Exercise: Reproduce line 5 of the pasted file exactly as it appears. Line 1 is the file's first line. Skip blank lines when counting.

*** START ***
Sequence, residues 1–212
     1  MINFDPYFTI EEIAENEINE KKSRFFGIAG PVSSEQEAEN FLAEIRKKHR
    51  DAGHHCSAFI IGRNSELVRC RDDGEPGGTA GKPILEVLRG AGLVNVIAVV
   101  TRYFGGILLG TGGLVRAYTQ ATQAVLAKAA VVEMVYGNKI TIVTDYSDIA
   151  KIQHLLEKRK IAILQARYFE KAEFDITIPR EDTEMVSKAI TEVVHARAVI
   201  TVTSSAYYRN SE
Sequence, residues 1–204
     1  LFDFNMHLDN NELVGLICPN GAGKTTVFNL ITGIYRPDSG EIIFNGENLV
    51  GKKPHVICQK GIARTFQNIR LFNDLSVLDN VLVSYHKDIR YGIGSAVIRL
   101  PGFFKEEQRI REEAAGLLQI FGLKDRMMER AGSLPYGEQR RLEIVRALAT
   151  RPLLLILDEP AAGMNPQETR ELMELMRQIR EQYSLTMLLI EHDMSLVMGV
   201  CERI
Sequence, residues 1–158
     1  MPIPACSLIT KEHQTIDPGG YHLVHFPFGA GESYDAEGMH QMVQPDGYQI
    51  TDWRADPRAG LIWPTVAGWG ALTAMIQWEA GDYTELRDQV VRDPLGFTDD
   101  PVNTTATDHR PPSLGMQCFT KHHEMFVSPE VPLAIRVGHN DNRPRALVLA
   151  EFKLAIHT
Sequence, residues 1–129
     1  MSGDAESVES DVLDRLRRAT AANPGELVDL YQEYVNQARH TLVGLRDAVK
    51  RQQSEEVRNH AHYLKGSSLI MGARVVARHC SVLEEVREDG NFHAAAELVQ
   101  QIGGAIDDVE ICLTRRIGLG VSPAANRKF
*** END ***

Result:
   151  KIQHLLEKRK IAILQARYFE KAEFDITIPR EDTEMVSKAI TEVVHARAVI